The chatter of the forest is full of hidden meanings.
Animals send messages back and forth all the time. Usually, the messages are unique to a species. A robin talks to other robins. Monkeys talk to other monkeys.
Now, it seems, a type of bird in Africa can understand monkey language, too. The yellow-casqued hornbill is the first example of a bird able to decipher the calls of another species well enough to recognize two different kinds of warnings.
Top row: The hornbill (left) and the Diana monkey (right). Bottom row: Leopard (left) and crowned eagle (right).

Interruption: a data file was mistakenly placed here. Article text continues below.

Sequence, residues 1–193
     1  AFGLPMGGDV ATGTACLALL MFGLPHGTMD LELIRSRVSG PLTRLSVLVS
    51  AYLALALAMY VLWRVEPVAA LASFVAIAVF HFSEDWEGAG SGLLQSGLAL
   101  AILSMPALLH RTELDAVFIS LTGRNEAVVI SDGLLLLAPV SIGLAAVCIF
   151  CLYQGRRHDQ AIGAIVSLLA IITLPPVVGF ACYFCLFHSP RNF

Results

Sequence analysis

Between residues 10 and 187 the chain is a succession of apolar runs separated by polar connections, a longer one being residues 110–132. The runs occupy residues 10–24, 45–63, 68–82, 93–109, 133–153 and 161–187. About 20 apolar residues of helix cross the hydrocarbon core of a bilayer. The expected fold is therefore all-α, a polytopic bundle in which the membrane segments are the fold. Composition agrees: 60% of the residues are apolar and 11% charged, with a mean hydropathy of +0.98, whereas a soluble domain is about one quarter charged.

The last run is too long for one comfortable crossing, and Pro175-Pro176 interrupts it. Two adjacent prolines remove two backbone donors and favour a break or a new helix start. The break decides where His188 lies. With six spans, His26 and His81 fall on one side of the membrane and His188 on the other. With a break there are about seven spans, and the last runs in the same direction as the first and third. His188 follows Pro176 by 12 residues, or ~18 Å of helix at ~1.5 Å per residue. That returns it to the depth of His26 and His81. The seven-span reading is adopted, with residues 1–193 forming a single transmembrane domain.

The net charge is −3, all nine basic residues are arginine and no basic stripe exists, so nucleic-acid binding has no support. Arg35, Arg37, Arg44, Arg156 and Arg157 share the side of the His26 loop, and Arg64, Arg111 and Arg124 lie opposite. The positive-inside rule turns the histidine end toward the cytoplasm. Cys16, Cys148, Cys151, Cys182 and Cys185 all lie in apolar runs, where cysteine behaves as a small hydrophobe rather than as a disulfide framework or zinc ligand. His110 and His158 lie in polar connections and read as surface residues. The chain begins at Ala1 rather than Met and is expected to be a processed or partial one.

|Ben Wang, David Jenny, and the Peregrine Fund
Previously, researchers had seen primates respond to calls of other species of primates, and certain birds respond to calls of other species of birds.
Scientists from Scotland wanted to see whether a bird could distinguish between different calls from another species. They chose to do their study in Ivory Coast, where Diana monkeys make one alarm call when they see a horned eagle and another one in response to an approaching leopard. Eagles eat hornbills. Leopards hardly ever bother the birds.
After monkeys made their eagle calls, the researchers found, hornbills got much noisier. More than 70 percent of them also moved closer to the sound, probably to show the intruder that it had been seen. When monkeys sounded the leopard alarm, on the other hand, the birds continued their normal activities.